For all experiments, rats were tested in a bow-tie-shaped maze made with steel walls and a wooden floor (Fig. 1A). The maze was 120 cm long, 50 cm wide and 50 cm high. Each end of the apparatus was triangular, the apices of which were joined by a narrow corridor (12 cm wide). An opaque sliding door set in the middle of the corridor could be raised by the experimenter. The far wall of each triangle contained two recessed food wells, 3.5 cm in diameter and 2 cm deep. The food wells were separated by a short, opaque dividing wall that protruded 15 cm from the middle of the end wall. These food wells were covered by objects in the experiment proper. Illumination was provided by ceiling lights giving a mean light intensity of 581.0 lx in the centre of the maze.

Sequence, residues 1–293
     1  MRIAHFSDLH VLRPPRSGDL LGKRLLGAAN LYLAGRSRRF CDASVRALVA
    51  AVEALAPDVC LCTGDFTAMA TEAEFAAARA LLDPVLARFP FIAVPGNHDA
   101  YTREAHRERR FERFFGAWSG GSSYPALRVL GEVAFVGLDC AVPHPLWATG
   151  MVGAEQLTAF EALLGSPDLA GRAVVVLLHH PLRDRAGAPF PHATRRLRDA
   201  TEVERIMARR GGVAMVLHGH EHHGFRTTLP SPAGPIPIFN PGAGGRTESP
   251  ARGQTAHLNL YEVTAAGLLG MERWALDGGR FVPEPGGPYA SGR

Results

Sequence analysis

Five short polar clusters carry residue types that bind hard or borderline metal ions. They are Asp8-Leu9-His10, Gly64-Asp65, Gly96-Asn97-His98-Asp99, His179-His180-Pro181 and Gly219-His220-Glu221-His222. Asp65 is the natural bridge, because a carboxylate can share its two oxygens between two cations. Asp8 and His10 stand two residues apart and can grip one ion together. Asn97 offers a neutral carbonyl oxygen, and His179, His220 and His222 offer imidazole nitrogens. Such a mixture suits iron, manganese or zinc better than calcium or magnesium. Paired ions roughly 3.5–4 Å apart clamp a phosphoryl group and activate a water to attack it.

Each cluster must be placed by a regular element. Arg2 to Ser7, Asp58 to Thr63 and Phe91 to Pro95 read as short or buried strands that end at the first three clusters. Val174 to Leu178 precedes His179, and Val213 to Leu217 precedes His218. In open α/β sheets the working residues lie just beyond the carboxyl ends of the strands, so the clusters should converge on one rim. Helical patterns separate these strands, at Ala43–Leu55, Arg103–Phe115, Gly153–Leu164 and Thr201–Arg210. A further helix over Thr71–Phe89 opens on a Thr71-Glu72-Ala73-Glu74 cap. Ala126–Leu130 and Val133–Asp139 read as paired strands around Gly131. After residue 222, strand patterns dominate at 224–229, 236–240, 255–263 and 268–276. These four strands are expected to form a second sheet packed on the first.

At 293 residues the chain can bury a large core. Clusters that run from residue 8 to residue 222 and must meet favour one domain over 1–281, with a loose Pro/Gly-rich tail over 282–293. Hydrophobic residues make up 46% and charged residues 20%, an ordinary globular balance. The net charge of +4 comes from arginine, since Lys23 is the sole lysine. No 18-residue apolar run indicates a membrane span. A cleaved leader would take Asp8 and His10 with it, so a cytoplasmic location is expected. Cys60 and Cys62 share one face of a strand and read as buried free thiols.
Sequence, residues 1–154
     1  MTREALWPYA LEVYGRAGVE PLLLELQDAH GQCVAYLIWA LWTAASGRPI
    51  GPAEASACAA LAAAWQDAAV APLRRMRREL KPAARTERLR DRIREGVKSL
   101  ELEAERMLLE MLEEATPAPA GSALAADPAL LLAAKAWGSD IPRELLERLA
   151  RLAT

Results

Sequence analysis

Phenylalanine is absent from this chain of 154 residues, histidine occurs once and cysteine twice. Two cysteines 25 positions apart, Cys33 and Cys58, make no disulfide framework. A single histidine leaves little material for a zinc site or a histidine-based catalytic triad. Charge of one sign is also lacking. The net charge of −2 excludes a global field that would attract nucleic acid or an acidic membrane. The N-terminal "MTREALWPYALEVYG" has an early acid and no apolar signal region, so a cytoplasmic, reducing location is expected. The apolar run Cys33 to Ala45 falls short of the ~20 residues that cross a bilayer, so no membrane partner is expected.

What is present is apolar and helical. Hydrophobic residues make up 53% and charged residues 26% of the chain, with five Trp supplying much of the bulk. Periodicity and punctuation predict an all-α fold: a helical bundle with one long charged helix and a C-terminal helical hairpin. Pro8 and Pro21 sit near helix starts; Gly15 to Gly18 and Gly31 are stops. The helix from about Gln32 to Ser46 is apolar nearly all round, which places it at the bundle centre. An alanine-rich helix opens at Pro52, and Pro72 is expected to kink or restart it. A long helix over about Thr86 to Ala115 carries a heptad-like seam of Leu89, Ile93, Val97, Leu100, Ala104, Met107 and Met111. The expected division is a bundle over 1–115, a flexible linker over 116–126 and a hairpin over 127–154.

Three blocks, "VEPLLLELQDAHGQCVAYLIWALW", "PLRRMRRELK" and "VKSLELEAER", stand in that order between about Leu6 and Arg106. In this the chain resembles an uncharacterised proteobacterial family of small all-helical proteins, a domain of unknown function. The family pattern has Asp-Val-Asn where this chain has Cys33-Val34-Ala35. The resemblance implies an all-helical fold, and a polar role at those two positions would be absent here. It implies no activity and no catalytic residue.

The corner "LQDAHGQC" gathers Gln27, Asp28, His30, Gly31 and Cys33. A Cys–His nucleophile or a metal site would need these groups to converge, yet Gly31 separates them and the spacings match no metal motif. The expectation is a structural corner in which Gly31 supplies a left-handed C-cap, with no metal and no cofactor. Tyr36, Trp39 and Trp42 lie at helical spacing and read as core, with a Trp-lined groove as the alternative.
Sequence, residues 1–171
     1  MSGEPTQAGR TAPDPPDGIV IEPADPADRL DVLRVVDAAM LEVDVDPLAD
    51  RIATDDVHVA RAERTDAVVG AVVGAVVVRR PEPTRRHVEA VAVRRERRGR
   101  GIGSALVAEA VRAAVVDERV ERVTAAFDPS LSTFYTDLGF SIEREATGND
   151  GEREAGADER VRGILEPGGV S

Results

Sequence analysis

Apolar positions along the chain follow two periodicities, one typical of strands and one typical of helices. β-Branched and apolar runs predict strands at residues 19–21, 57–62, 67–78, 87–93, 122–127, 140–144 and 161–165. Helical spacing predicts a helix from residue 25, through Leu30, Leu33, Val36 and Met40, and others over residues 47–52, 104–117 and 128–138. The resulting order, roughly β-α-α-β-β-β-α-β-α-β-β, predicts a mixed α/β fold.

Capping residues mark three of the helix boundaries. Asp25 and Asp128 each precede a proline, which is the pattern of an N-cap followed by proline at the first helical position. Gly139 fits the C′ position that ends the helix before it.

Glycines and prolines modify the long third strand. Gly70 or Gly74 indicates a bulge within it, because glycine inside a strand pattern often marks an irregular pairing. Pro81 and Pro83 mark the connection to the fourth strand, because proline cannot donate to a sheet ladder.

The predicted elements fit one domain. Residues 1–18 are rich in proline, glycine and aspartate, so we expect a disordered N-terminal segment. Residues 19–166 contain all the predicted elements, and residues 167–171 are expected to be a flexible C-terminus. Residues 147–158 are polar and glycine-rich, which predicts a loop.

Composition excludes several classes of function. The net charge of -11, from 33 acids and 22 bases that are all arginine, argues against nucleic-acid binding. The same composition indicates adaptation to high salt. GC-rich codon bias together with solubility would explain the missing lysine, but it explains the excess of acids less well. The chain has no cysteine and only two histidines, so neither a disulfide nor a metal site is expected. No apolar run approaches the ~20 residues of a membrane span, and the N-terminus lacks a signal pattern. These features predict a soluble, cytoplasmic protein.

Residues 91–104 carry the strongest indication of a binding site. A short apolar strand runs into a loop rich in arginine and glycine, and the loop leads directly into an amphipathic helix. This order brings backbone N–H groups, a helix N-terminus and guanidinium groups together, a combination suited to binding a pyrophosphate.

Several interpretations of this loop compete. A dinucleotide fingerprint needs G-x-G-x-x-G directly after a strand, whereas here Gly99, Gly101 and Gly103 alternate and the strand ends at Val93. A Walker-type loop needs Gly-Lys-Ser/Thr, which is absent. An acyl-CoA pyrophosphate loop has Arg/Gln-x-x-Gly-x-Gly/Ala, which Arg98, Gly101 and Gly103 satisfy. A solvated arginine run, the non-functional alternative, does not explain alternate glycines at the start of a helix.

The experiments used numerous junk objects, each differing in shape, texture, size and colour. Every object was large enough to cover a food well but light enough to be displaced. Any object with an obvious scent was excluded. Sufficient objects were used to ensure that no object was repeated across experiments. All objects had multiple, identical copies, so that different copies of the same object were always used when an object was repeated within a session. All objects were cleaned with alcohol wipes after each session.
All rats were habituated to the maze so that after seven pre-training sessions they would run from one side of the maze to the other and displace an object covering a food well in order to reach food rewards (for fuller description, see Albasser et al., 2010a). Four pairs of objects were used during pre-training, but these objects were not used in any of the following experiments.
Object recognition – general protocol